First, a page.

The First Sunday after Pentecost: Trinity Sunday
7 June 2009
A Sermon Preached by the Rev’d Dr Andrew C. Blume
Almighty and everlasting God, who hast given unto us thy servants grace, by the confession of a true faith, to acknowledge the glory of the eternal Trinity, and in the power of the Divine Majesty to worship the Unity: We beseech thee that thou wouldest keep us steadfast in this faith and worship, and bring us at last to see thee in thy one and eternal glory, O Father; who with the Son and the Holy Spirit livest and reignest, one God, for ever and ever. Amen.
My doctoral supervisor used to say that the difference between scientific knowledge and the knowledge we gain in studying in the humanities is that scientific knowledge is the most fragile of all knowledge: it is absolutely right until the moment when it is absolutely wrong. Science works with equations and proofs and gets hard answers. These answers are always correct, except at the moment when there is a
paradigm shift and a new discovery disproves it all.
The historian spends a lifetime unravelling the evidence, putting the pieces together. We know that something happened. We see evidence of it. We have a document or set or records or story, a building, an object or a work of art. We encounter the ultimate reality that something happened, that something was created, that people encountered each other and that they were changed in the meeting. We do not, however, have the full story and perhaps we never will. But still the historian searches and ponders how and why. We look for a fuller accounting of the story and seek to tease out lessons for us today. We do not have formulae and proofs. Rather we have our reason and our other gifts of sight and hearing, our gifts for language and other skills. This is the work of the historian: to approach the truth as best we can and to keep on at the project even though we know our answers will always be tentative and incomplete.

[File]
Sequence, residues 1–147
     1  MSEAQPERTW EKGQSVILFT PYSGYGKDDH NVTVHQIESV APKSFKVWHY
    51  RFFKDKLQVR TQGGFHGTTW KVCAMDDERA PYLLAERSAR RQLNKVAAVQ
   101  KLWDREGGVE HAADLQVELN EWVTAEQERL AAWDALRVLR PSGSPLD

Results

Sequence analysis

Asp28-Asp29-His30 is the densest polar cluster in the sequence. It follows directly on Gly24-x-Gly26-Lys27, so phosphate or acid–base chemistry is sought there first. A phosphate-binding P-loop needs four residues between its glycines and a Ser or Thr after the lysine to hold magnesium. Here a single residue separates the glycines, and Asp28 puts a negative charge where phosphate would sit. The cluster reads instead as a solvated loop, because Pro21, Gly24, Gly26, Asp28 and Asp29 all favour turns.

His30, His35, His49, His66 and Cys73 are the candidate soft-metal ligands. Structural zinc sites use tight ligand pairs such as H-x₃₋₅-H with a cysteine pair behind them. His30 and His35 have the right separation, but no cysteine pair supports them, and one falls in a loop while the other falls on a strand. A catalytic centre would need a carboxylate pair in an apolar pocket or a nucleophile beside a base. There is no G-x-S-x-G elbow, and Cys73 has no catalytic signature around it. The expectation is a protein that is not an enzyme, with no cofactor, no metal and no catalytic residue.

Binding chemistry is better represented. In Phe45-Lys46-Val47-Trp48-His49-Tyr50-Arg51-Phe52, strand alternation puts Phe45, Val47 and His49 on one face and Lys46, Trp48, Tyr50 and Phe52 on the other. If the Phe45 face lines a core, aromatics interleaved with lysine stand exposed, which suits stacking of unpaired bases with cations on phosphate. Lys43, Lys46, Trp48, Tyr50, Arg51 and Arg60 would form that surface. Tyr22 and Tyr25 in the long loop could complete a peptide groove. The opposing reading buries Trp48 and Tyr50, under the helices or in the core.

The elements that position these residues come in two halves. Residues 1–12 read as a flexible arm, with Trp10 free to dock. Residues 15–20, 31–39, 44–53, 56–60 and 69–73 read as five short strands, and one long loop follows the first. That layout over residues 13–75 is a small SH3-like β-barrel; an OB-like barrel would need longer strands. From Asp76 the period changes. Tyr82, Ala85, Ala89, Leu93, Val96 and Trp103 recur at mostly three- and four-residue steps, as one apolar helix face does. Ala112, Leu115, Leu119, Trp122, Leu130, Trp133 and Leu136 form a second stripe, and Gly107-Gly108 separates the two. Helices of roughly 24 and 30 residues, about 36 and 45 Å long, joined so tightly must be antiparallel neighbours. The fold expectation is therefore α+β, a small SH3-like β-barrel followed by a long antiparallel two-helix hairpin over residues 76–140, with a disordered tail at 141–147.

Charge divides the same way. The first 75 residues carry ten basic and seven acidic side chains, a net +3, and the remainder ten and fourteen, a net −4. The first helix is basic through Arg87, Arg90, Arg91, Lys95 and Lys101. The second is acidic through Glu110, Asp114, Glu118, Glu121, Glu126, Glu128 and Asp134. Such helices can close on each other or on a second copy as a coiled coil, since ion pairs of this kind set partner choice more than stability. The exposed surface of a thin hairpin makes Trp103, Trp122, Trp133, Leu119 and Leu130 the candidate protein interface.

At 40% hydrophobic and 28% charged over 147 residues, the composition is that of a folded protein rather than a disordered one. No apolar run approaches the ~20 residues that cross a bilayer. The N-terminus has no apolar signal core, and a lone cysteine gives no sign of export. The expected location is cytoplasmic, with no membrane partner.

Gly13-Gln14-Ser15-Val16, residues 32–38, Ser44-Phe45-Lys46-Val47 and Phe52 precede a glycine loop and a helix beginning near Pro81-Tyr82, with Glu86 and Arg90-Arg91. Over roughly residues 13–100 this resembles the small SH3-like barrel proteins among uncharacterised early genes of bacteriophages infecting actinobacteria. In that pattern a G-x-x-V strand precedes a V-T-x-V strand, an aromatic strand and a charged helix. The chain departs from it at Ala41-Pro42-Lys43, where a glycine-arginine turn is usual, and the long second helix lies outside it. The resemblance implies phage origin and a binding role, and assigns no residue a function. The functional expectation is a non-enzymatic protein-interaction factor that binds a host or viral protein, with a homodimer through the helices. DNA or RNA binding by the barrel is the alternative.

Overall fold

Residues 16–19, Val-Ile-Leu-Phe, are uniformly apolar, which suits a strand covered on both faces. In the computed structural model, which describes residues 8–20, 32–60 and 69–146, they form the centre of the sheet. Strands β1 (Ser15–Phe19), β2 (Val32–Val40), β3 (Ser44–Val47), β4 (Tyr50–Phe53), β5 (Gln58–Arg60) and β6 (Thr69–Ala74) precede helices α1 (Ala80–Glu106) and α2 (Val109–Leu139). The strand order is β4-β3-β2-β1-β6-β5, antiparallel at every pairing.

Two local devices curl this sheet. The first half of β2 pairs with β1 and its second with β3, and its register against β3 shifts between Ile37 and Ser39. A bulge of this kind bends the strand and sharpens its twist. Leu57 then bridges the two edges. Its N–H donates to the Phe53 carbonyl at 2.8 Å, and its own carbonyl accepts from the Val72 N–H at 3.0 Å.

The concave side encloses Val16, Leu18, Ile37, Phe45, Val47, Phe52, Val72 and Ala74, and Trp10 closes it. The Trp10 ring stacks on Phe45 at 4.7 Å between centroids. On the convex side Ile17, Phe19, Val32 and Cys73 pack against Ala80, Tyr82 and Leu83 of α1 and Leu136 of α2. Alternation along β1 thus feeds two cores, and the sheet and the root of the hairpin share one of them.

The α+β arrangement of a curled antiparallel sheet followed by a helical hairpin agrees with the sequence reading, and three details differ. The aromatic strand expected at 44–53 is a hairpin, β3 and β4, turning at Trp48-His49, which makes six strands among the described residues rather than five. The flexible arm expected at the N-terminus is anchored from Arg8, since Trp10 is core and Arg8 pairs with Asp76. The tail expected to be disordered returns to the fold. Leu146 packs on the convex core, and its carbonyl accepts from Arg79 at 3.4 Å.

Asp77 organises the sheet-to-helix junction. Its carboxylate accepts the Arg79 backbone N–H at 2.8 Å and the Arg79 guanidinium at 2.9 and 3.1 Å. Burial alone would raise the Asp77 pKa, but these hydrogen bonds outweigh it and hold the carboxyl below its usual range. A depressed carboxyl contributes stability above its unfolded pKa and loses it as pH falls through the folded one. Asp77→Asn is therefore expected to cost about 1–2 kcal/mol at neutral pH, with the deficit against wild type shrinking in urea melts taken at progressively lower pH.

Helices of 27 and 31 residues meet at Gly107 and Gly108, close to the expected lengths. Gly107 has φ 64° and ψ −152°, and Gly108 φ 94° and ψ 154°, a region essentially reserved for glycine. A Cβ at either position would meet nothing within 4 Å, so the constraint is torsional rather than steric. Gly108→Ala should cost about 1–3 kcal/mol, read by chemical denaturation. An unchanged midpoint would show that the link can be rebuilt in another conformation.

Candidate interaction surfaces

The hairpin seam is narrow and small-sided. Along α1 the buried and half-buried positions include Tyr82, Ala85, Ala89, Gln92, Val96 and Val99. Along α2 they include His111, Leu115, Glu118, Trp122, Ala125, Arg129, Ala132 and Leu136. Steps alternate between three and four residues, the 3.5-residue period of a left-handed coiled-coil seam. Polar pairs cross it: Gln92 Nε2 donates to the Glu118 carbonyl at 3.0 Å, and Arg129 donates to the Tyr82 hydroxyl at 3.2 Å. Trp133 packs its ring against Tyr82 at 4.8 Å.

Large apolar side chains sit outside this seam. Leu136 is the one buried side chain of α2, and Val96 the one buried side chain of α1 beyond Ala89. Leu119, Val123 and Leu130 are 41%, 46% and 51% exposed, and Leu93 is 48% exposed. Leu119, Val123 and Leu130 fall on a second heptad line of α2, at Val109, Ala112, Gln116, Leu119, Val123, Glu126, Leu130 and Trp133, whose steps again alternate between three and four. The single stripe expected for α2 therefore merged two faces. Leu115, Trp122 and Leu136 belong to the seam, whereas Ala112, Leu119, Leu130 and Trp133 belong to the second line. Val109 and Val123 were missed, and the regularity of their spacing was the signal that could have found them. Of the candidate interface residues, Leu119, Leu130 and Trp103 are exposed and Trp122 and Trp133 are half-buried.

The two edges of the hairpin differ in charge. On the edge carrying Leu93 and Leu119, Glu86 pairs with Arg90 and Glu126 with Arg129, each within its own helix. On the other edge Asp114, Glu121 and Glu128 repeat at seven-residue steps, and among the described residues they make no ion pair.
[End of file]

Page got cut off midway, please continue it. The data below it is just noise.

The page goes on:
Much the same can be said for the theologian, and by extension for the Christian. We know from our experience, through our participation in the Sacraments and in the life of the church, from loving and being loved, that God in Christ is real and what we are doing here is important and makes sense. And yet, we have no scientific way to prove it, no scientific way to prove the existence of God, or explain how the Eucharist works, or work out the precise nature of the Trinity. We have experienced their power we know them to be true and real, but their ultimate explanation eludes us. We grasp for meaning, and we spend our lives making meaning of them. We have no formulae, we have no single test that will show us whether we are right or wrong. Many find this frustrating. Many have sought such tests and, for my part, I am glad they have not yet found one. I am glad that the ultimate realities of creation, like history, are not able to be contained and made neat and tidy. These things are bigger than you or me or this building or this moment.
This does not mean, however, that we are given license to say that we do not
have to do the hard work of seeking after knowledge and understanding, seeking after
deeper relationship with these occasions that we have come to style, “mysteries.” No, it
is our task as Christians to work at understanding these mysteries, these realities we
know to be true, but whose meaning, full meaning and explanation is elusive.
Indeed, this is a week of Mysteries. Today on this First Sunday after Pentecost we celebrate perhaps the greatest of all the Christian mysteries, the Holy Trinity. This coming Thursday, and with much ceremony and glorious music, we celebrate that other central Christian mystery, the Eucharist, that occasion in which we recognise
God in Christ present with us in the bread and wine and which we take into our own